Horror of Party Beach, The (1964)

“They are the living dead — they’re zombies!”

Horror of Party Beach Poster

Synopsis:
After his girlfriend (Marilyn Clarke) is killed by a radioactive sea creature, a scientist (John Scott) works with his mentor (Allan Laurel) and his mentor’s daughter (Alice Lyon) to help destroy the creatures.

Genres:

Review:
Del Tenney’s low-budget horror flick combines elements of just about every cinematic trope from the ’60s — biker gangs, beach parties, atomic mutations, slumber parties, folk music, and more — in one feature, complete with ludicrously silly rubber creatures from the deep, terrible acting, “teeny boppers” who appear to actually be in their 20s or 30s, laughably unrealistic sequences, a surf music soundtrack by the Del-Aires, and more. Add in the presence of a concerned, overly solicitous African-American maid (Eulabelle Moore) who’s convinced the creatures are the result of voodoo, and the recipe is set for a cliche-filled adventure only worth the time of true bad movie aficianados.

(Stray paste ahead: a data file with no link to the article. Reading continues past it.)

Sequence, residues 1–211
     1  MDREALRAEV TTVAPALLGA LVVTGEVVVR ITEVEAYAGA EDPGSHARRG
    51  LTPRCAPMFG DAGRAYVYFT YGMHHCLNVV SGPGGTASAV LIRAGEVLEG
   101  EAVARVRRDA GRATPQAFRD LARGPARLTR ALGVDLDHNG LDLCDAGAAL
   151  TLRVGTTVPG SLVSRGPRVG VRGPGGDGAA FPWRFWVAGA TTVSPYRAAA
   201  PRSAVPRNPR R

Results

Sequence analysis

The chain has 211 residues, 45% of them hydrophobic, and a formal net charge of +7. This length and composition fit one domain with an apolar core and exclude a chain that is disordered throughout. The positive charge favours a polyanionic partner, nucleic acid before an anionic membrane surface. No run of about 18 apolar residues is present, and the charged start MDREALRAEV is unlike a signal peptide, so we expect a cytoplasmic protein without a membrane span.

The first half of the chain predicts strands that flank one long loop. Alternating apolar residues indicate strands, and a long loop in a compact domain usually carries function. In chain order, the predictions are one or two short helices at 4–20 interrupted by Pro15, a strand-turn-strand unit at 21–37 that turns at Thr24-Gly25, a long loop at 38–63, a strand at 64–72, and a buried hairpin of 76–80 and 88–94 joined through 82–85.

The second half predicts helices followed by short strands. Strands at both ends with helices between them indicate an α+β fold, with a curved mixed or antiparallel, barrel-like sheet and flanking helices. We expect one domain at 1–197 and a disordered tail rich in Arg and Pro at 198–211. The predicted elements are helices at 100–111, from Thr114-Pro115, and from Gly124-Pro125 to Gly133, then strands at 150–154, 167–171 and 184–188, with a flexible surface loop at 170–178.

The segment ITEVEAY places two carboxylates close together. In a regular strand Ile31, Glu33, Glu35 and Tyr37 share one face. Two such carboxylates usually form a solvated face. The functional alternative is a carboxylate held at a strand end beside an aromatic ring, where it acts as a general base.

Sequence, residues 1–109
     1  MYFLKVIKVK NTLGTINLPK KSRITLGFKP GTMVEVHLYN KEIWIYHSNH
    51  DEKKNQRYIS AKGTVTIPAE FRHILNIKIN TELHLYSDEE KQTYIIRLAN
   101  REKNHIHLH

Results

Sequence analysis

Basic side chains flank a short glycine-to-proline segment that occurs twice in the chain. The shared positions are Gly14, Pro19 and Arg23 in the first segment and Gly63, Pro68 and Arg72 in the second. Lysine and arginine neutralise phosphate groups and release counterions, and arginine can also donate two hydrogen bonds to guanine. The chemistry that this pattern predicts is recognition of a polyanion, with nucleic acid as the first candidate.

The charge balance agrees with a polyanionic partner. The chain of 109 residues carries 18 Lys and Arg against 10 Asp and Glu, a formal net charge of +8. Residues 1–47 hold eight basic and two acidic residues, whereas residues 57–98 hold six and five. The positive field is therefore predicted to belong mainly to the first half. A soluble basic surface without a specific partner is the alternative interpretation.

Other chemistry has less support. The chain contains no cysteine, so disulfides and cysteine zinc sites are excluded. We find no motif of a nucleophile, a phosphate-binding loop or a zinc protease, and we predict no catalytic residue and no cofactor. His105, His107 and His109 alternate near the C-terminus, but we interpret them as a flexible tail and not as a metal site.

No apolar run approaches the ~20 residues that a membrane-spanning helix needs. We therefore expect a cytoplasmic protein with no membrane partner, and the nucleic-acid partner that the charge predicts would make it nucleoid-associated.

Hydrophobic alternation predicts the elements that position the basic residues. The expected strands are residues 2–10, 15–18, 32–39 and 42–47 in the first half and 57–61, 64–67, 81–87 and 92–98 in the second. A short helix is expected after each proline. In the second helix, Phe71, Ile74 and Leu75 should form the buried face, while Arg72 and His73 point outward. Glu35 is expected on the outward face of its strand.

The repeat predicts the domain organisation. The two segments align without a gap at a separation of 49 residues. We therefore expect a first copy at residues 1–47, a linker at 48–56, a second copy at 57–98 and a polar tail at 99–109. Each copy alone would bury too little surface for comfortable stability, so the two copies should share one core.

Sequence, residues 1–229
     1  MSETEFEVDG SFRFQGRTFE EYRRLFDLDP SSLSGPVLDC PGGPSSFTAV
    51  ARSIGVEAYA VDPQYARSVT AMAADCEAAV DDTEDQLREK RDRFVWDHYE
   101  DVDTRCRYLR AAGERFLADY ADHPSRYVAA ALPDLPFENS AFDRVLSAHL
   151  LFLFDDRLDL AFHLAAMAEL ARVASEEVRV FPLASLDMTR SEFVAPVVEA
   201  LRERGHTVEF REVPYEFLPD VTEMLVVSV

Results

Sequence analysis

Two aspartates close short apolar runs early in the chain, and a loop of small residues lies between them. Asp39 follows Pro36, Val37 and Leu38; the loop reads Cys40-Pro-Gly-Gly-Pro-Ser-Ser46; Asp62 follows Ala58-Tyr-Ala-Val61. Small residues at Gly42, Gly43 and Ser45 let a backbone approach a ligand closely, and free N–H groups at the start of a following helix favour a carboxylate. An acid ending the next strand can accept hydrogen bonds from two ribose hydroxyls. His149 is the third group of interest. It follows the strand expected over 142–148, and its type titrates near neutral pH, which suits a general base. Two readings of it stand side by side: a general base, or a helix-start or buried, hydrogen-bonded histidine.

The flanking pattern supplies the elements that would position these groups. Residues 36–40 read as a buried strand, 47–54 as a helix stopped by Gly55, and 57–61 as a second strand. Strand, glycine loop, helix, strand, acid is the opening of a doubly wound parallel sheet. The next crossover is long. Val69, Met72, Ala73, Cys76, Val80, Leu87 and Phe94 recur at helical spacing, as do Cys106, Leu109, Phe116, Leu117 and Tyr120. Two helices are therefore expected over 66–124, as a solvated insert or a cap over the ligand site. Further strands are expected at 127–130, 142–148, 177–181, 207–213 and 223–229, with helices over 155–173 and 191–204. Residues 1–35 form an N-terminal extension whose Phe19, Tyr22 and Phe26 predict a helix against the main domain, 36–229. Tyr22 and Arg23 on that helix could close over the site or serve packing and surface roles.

Redeeming Qualities and Moments:

  • Effective low-budget cinematography
    Horror Party Beach Cinematography2
  • Plenty of humorously bad dialogue, costumes, and special effects:

    “Hey, that reminds me — did I bring my hot dog buns?”
    “Then they CAN be killed — with sodium!”

    Horror Party Beach Monster

Must See?
No, but it’s certainly worth a look if you enjoy this kind of flick — especially so with MST3K’s commentary. Listed as a Camp Classic in the back of Peary’s book.

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One Response to “Horror of Party Beach, The (1964)”

  1. A once-must – but *only* if it’s the MST3K version. The movie alone is pretty bad, and it does knowingly revel somewhat in its badness as it follows the ‘rules’ of bad movies. But the MST3K riff gives it the lift it screams out for…with such memorable comebacks as “You have defeated us, sir – you and your noble band of choreographers.” and “This better be a *strip* folk song!” Of course, you and your friends can make your own MST3K version in the privacy of your own living room…and, of course, I would encourage you to do so.

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